These facts about kids snack foods will shock you #FoodYouCanTrust

kids snacks

Of all the brands I’ve ever worked with on this blog, Organix has been one of my favourite and longest running relationships. I’ve been to their headquarters in Bournemouth a couple of times (it’s gorgeous) and learned SO much about kids’ snack food, the industry as a whole and why it’s important to at least think about this stuff as a parent.

©Barbara Evripidou2016

And believe me, it IS important. Warning: what you’re about to read might make you mad.

This year the work continues, as I’m joining five other bloggers on the Organix Junk Buster panel. It feels like a pivotal moment for the debate, as the kids’ snack industry gets bigger and bigger with more and more brands trying to get a slice of the kid snack-shaped pie and launch their own baby and toddler snack foods.

But with all this choice comes a little more confusion and you might be surprised (and concerned) to hear that this is an industry that isn’t as heavily regulated as you might think.

For example, did you know that some baby finger foods and toddler snacks contain almost the same level of salt as a regular bag of adult crisps? 

Did you know that extra salt is sometimes added to baby and toddler snacks to boost flavour?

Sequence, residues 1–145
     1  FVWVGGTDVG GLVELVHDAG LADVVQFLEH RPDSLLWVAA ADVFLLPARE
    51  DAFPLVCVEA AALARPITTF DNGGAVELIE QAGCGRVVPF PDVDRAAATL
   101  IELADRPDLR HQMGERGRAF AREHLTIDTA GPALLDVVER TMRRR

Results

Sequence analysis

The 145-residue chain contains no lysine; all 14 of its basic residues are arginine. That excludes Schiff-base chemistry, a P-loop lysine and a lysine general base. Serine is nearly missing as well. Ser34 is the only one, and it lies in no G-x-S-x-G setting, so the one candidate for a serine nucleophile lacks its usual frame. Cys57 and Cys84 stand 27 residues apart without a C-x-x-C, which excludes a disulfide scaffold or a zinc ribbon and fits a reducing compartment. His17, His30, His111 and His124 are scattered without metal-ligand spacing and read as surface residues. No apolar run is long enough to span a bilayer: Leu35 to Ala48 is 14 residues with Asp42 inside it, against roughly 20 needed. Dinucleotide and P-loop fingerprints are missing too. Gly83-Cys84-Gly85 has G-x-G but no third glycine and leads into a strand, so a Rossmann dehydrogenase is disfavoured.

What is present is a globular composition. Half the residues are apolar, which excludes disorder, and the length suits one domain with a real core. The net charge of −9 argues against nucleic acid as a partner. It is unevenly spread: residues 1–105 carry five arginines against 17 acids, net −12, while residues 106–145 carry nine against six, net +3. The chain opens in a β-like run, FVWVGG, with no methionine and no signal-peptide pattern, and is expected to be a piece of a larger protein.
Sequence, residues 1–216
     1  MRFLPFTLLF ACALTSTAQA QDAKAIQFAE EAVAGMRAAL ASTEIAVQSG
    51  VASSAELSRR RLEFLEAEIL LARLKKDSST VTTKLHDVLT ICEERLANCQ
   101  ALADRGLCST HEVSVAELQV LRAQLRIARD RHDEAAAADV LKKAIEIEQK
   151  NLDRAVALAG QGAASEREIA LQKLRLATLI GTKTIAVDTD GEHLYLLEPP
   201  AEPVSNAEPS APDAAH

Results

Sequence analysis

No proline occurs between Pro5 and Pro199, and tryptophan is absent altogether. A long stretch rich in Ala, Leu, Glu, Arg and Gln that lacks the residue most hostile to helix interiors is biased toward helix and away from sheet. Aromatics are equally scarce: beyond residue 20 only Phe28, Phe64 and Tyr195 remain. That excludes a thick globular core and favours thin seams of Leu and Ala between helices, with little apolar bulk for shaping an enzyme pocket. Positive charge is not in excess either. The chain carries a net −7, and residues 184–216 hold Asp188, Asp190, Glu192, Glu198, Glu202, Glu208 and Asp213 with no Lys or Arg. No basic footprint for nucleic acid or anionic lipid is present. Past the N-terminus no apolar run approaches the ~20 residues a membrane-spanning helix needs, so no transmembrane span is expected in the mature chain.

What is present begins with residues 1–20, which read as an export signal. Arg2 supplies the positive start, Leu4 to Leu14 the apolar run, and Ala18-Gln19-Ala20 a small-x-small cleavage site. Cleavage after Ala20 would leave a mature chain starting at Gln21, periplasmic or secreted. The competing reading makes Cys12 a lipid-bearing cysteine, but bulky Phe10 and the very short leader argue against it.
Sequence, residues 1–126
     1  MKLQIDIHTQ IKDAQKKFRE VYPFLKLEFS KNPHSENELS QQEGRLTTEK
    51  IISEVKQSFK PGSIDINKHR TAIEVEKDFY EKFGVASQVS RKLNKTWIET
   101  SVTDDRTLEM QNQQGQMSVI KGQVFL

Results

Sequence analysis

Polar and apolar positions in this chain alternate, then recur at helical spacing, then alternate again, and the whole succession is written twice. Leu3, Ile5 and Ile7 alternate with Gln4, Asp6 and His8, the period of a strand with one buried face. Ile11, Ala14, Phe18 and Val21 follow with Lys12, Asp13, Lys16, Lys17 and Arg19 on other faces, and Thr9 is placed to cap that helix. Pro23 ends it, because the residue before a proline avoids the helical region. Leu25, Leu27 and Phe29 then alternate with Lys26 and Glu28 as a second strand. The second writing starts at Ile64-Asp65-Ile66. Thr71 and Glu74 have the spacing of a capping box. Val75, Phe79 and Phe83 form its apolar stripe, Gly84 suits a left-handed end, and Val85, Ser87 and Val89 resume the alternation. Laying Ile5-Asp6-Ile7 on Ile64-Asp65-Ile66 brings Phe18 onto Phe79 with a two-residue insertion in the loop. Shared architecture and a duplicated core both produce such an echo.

Did you know that some of the foods sold in the baby aisle aren’t protected by regulations? 

Nope, me neither. Until recently, that is. And we’re not alone. 76% of parents questioned in a survey by Organix said they were shocked to discover some baby and toddler snacks contain up to 30 separate ingredients.

It seems, as parents, we’ve had the wool pulled over our eyes, duped by pretty packaging and statements like “nutritionist approved”. We’ve been buying foods that might be damaging for our children, without even realising it. 

Now I’ve held my hand up in the past and admitted that I’m not averse to the odd fishfinger. My kids refuse kale and I’ve never been able to successfully stuff a courgette in a muffin.

However, we love food, cook from scratch 99% of the time and I get mad at the idea that in the past I’ve spent my hard earned money on snacks that I thought were healthy when in fact they were anything but. At least chocolate and ice-cream is honest in it’s sugar content!

kids snacks

I was recently discussing this very matter on BBC Radio Devon (you can listen to the interview here) and explained that one of the things that really grinds my gears as a parent is the fact that in some places we’re seemingly overwhelmed by healthy choices for our kids but in others there’s simply no option. And when we THINK we’ve got lots of choice and we’re making the best decisions, we might not be, because of misleading claims and lack of regulation. We can’t win.

Throughout the year I’m going to be on a junk busting mission to find out more about the kid snack industry and do some investigations of my own when it comes to what’s in the baby and toddler aisle. I’ll be looking at what things like “natural”, “no artificial ingredients” and “nutritionist approved” really mean and if we can really trust them. I’m already expecting to be surprised (and possibly cross) by the results.